- Hardcover: 304 pages
- Publisher: Chicago Review Press (August 1, 1997)
- Language: English
- ISBN-10: 1556522754
- ISBN-13: 978-1556522758
- Product Dimensions: 6 x 0.9 x 9 inches
- Shipping Weight: 1.3 pounds
- Average Customer Review: 22 customer reviews
- Amazon Best Sellers Rank: #1,658,292 in Books (See Top 100 in Books)
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The World Don't Owe Me Nothing: The Life and Times of Delta Bluesman Honeyboy Edwards Hardcover – August 1, 1997
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From School Library Journal
YAAThis biography is a blend of music, history, and masterful storytelling. Edwards does not have any regrets about his 65 plus years as a traveling country-blues musician. Now 82, he lovingly describes community life and family events during this childhood. Arranged chronologically, the book transports readers back to the days of the Depression and the harsh realities of segregation. As a young musician, "Honeyboy" walked, hitchhiked, or hoboed to various destinations under the threat of vagrancy laws. He was arrested by white sheriffs or farmers and sent to the county farm or jail. He doesn't cover up the brutality that he experienced due to class and color. He spins tales of gambling, romance, and classic blues artists, both male and female. Finally he reflects on his God-given talent. He writes vividly of another time and place. Appendixes include brief biographical sketches on blues performers and their songs and Honeyboy's recordings. Black-and-white pictures depict the places and people he mentions. Honeyboy's passion for the blues and his strong recollections will absorb readers.AConnie Freeman, Allen County Public Library, Fort Wayne, IN
Copyright 1998 Reed Business Information, Inc.
From Library Journal
Honeyboy Edwards is one of the last of the original practitioners of the acoustic Delta blues style. Born in 1915 to a sharecropping family in Mississippi, he received a secondhand Sears, Roebuck guitar at 14 and was on the road with Big Joe Williams within three years. His journey had him playing with every blues legend from Robert Johnson to Muddy Waters. Although his temper and his inability to stay in one place for long limited his recorded output, the tales he tells here confirm him as the archetypal bluesman making his way through life via women, music, and gambling. In addition to being a who's who of blues performers and an encyclopedia of blues styles, this book offers a seldom-seen look at the social mores of poor, rural, Southern African Americans from the Depression through World War II. Compiled over five years from interviews by Martinson and Frank, this is essential reading for anyone interested in the blues or African American life.?Dan Bogey, Clearfield Cty. P.L. Federation, Curwensville, Pa.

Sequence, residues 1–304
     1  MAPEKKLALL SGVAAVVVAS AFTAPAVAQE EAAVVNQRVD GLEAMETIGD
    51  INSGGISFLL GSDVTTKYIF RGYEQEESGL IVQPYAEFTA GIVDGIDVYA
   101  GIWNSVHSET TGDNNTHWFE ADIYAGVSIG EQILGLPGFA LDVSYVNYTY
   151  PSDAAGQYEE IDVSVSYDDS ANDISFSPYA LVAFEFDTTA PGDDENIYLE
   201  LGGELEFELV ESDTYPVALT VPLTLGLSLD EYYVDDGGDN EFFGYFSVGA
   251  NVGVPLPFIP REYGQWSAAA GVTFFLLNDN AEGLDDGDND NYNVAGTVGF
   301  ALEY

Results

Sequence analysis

Copyright 1997 Reed Business Information, Inc.
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Top customer reviews
I'm so glad I read this book.
First off: Musicians can gain a great deal of understanding (and respect) for early blues from this book. Honeyboy covers busking, hustling, standing gigs, recording, and more when he talks about his life. As a blues artist myself, I appreciated the detail provided.
Second, it provides some great insight into the culture and history of the delta, which most certainly gives us great insight into how society has changed (and, in some cases, how it hasn't).
My favorite parts were where he described his interactions with other musicians (of which there were MANY). Now, I'm going to have to look into some biographies on their lives, just because that taste whetted my appetite for more!
I was interested because in the early '90's I promoted a couple if Honeyboy gigs in my ol' home town. He came back to my place and we watched some old blues recordings on VHS tape and he told us who some of the players we didn't know were.